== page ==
Wednesday, June 25, 2014

How do you it? How Long Did it Take?

I got one of these questions through an Instagram comment today.  Actually I get them all the time. However this time, it reminded me of a documentary I watched a few years ago about artists interviews and one of the questions was:

How long it takes to make one of these?

The worst part was how she answered:  “It takes me about 4 hours to make one”

I silently cringed

Here’s what potential customers will do.  They take your sell price, let’s say $800. And it took you 4 hours.  People will immediately think you charge $200 / hour.   

People don’t realize that doesn’t include material costs, prepping, finishing or the time visiting clients or shows.  That doesn’t include the time you spent on education and perfecting your craft.  It doesn’t include the multiple hats you have to were as a CEO, Accounting, Sales Representative and Janitor, most of us do in one standard day.  I haven’t done gallery shows myself, but I heard it can cost up to half the selling price!
What people conclude:  “You make $83,200 a year!”

Your potential customers are not considering that most artists don’t work then the standard 8 hours day.  In my case, if I could, I’d work 16 hours a day if my body allowed it

So, how should you respond? The question doesn’t mean what you and the customer think it means

You get a phone call, you get an email or you get a in person visit to your studio asking about your work.  Of course you respond in a professional courteous manner. 

Here’s what I found happens, at least for me.  Your potential customer:
  • will decide that your work doesn’t fit their needs and they’ll say “thank you”
  • will give you permission to talk to them about your work.
Many times, the first thing that comes is in fact one or maybe both that are ‘dumb questions’
  • How long did it take you to make that?
  • How do you it?
In the beginning, these questions to me is like someone running their fingernails along a chalkboard.  Responding with sarcasm or even a well-mannered joke will shut down the potential sale.

My daytime career is in supply chain in a high tech contract manufacturing firm.  I've worked with customers that range from easy going and reasonable to the other extreme of complex and demanding.  This experence has taught me:   

You are not obligated to answer.

Even though you don’t answer, doesn’t mean standing there with judging eyes and annoyed silence.   They gave you permission talk about what you do, it gives you the opportunity to engage them.   You can explain the process without actually providing a step by step instructions it takes to make your art.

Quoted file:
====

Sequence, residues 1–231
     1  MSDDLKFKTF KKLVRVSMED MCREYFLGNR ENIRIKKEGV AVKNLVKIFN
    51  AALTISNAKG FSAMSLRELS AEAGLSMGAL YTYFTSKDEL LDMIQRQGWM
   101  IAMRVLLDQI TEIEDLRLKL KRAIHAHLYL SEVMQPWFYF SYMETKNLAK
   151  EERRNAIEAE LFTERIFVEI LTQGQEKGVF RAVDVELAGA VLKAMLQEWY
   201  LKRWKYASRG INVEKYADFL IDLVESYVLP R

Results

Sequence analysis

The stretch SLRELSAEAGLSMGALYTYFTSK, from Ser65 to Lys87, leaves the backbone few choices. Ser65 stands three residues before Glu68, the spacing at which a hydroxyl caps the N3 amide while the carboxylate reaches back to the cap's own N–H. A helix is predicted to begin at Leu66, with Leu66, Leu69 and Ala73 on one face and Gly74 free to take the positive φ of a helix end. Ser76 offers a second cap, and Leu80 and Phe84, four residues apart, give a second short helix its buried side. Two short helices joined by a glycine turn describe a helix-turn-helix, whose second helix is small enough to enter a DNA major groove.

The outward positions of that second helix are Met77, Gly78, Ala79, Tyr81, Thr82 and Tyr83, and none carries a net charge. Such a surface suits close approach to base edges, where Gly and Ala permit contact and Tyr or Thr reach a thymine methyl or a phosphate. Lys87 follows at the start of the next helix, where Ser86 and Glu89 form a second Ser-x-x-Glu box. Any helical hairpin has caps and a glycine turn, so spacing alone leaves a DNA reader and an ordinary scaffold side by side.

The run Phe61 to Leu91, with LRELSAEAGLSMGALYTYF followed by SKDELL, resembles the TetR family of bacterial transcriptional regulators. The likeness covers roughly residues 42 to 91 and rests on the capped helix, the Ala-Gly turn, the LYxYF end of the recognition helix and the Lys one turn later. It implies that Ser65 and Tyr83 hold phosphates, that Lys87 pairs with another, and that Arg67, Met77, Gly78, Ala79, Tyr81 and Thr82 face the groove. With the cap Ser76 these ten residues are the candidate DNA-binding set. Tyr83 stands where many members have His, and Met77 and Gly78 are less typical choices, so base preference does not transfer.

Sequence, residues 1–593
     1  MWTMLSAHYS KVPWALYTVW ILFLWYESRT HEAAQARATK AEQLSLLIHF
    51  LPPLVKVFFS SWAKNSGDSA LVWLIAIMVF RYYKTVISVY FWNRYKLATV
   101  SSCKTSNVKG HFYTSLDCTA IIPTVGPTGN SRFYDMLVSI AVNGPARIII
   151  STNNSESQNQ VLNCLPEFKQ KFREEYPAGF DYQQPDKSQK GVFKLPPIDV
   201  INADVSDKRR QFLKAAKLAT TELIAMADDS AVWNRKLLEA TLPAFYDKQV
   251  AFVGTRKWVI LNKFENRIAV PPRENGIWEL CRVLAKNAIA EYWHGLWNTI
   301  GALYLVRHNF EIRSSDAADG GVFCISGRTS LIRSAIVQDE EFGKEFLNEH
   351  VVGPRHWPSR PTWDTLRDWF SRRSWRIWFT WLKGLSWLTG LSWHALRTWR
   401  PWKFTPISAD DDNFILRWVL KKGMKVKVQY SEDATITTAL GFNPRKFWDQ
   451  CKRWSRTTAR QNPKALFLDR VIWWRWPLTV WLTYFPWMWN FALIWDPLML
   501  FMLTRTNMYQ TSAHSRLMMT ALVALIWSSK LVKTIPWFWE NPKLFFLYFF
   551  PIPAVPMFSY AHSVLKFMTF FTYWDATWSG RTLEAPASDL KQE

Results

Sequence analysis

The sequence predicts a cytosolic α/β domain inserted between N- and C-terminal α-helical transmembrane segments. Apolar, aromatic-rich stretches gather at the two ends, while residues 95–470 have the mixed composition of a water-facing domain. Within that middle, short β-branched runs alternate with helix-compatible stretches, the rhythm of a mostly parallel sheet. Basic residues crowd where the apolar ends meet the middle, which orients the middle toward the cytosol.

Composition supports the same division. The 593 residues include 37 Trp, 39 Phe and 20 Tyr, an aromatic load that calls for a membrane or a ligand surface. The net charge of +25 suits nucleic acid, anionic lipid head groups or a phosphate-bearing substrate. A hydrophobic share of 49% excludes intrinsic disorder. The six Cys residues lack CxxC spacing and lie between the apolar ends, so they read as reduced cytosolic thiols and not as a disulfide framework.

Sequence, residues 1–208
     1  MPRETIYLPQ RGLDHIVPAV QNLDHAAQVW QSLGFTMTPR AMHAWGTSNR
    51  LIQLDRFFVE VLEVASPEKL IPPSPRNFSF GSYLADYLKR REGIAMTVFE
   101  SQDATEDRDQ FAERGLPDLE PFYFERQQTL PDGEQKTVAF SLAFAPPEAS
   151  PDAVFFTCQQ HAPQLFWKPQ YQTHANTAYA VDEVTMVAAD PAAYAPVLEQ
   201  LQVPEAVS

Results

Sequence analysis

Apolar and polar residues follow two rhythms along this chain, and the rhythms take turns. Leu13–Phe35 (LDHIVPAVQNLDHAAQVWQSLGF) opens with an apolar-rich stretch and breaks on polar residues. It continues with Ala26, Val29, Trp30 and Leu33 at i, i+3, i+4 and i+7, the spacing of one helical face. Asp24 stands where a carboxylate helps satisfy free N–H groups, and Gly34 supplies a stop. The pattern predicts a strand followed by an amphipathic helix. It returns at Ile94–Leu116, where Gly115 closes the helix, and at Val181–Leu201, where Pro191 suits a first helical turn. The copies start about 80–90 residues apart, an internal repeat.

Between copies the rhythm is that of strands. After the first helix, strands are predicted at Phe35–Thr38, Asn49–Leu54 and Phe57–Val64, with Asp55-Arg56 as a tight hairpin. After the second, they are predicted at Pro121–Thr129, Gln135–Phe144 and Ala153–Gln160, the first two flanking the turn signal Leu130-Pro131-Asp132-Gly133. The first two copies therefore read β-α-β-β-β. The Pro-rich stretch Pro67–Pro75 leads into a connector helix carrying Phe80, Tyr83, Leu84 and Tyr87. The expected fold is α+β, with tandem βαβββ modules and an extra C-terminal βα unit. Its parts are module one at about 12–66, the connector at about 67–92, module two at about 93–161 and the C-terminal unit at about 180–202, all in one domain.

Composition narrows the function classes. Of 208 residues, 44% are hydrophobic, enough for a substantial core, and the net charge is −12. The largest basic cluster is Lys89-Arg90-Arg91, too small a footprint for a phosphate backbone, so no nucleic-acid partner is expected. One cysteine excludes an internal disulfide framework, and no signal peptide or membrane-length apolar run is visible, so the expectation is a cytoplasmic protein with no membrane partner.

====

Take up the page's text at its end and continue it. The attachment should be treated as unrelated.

“That’s a great question!  It’s not an easy answer, would you allow me to explain?” 
This is the opportunity to focus on what you consider the focal point of your work.   

If it really takes a long time to make, then use that to your advantage.   Once I tried making my own ceramic bowl.   You’d think (okay I thought, I’m sure you know better) it’s just getting clay and shaping it on the spinning wheel.  My teacher actually educated on how many steps to prepare that clay and finding the right source, storing it correctly.  Then she described and showed me the process, the hand pressure, the spinning speed.  Then drying it, then the process for glazing, then kilning it, then cleaning it.    

Notice not once the time of each step was not mentioned? 

If I was a professional potter, at this point, time is not going to be a factor in your price.  People now know the details and imagine how long it takes, how hard it is to start without giving any generic answer of the time it took to make one. 

That bowl never turned out right.  But I got that, that’s great for a first timer!

If your customer is engaged, take it up a notch.  Tell people why you do what you do.  Share a story that will connect your audience emotionally and spiritually about your work.  When I used to sell origami, it was never about making money.  It was always about my father who I rarely saw when I was young.  He always did double shifts to support us.  He took the time to teach me my first paper crane.  He started my passion with folding works of art and I wanted to share it with the world.

Now, there’s always going to be the 1% who really just cares to get the lowest price and will try to validate every point to get you to agree.  The 1% who persist of knowing where you buy your supplies, the temperature you bake your clay or the secret recipe to your sauce.  I work and talk to this group everyday in my daytime career.  They will never be satisfied and will probably pick on the work even after they make the purchase.  However, If the price they want is below what you value your work, you wouldn’t want to do business with them anyway.
Lastly, don’t exaggerate. 
If you imply it takes weeks or months to make a $50 item, the perception is you are crazy or financially well off (meaning taking advantage of your or push for a unreasonable discount).   If you are asked how you keep costs down, use the analogy of baking cookies.  You’d make a few dozen at a time to take advantage of the oven, not one at a time.  However, unlike mass production you check each one to make sure each meet your standards rather take a sampling of one to represent the whole. 

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